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Justice Department Tries To Put A Stop To AT&T And Time Warner Merger

This past week, the Justice Department’s issued a lawsuit against the merger between Time Warner and AT&T. This has caused a showdown that will lead to another attempt at stopping a corporate merger that could cause certain challenges for telecommunications consumers. If the merger were to be approved, it would create a entertainment powerhouse that could allow AT&T to use distributions channels of Time-Warner’s content such as HBO and CNN. However, if rejected, it would set an example of how mergers in the future will be looked at. Both sides believe they have enough context and precedent in the past that could sway the decision to their side.

 

Much Larger Mergers In The Past Have Been Approved

In the past, the government seldom gets involed in such similar mergers in court, but certain regulators have not avoided getting involved in deals completely. AT&T brings up the similar case in 2011 where Comcast merged with NBC Universal. In the end, the Justice Department approved that merger and the argument that AT&T brings up is that their merger is a lot less significant.

But, the deal regarding Comcast did not come with certain caveats. Regulators made sure to implement certain conditions that were imposed to stop Comcast from using its size to suppress certain competitors such as Netflix. (These conditions will eventually expire in 2018). The senior vice president of Public Knowledge, Harlod Feld, a non profit believes that a potential substitute for antitrust remidies is divesture, that is something that the Obama administration was in favor of.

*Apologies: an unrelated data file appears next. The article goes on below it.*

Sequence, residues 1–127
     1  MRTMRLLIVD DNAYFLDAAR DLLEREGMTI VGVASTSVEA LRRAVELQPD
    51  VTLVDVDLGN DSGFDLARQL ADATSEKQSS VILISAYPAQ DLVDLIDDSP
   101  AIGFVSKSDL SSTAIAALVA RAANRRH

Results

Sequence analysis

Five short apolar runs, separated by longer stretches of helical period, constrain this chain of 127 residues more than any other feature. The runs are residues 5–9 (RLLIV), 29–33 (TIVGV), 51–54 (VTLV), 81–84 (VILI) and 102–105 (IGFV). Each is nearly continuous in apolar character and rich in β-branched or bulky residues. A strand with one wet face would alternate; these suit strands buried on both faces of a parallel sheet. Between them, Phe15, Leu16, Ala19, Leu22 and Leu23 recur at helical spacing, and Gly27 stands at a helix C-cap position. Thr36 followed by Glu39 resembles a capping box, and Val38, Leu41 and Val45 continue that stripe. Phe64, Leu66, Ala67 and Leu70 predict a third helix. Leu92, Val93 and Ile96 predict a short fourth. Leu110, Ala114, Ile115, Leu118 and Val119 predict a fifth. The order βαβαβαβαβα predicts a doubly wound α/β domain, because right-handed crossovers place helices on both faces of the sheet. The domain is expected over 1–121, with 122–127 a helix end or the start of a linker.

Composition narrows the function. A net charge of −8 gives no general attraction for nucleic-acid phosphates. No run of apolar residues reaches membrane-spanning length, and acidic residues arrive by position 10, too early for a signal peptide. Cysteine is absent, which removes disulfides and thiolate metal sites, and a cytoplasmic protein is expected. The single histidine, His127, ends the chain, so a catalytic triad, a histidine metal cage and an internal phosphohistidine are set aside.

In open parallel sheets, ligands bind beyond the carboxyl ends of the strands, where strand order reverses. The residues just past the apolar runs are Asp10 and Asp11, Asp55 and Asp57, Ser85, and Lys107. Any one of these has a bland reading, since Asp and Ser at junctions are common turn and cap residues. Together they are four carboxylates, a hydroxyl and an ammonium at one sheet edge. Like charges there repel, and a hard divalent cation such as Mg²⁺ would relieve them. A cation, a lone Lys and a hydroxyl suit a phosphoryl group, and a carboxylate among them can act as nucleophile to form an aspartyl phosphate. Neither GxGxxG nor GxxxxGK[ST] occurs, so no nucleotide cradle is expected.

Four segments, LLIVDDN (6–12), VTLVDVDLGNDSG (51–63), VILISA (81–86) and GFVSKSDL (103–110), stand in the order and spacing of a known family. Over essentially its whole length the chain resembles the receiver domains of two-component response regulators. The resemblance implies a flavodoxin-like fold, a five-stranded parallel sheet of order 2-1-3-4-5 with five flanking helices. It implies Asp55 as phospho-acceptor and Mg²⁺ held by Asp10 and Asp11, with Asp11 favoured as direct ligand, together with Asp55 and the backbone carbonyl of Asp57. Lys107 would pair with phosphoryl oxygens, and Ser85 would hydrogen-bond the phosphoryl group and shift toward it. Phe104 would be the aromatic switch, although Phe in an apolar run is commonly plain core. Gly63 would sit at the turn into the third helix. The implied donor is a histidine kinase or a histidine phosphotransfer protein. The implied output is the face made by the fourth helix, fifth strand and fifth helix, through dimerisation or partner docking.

Consolidation May Be In The Future

But, it seems as if this case will most likely turn into a milestone in antitrust law. If AT&T were to win the case, it would play a part in consolidating the industry and make cases like this much more difficult to win later on.
However, if the merger were to be blocked, it would set the nature of future antirust cases under the Trump administration. Feld says, “This is certainly a signal that the DOJ is going to be much less willing to discuss and is going to claim instead on divestitures”.

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